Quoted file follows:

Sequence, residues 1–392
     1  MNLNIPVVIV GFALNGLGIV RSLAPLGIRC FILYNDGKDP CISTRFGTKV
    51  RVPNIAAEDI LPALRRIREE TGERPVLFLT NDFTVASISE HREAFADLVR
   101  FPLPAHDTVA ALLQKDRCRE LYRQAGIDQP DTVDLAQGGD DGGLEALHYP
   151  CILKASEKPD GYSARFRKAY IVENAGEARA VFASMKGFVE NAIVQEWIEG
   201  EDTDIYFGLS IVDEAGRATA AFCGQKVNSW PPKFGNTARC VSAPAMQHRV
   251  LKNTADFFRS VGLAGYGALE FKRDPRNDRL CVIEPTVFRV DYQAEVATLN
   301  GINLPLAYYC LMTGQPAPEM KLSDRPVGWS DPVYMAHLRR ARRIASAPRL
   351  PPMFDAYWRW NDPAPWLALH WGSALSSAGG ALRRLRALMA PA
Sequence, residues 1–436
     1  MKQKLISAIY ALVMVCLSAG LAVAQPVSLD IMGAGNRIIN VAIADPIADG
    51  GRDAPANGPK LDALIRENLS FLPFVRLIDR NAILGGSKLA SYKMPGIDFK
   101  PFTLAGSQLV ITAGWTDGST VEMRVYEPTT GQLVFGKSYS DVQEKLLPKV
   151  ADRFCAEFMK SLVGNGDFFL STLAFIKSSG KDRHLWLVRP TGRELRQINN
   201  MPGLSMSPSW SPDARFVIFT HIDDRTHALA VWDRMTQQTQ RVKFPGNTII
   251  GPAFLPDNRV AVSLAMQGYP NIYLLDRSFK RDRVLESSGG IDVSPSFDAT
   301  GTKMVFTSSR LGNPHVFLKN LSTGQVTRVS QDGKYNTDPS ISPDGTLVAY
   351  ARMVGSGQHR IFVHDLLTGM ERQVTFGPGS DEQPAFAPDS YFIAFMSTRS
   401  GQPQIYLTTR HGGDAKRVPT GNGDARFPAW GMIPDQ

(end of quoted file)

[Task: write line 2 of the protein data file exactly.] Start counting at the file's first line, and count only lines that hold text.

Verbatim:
     1  MNLNIPVVIV GFALNGLGIV RSLAPLGIRC FILYNDGKDP CISTRFGTKV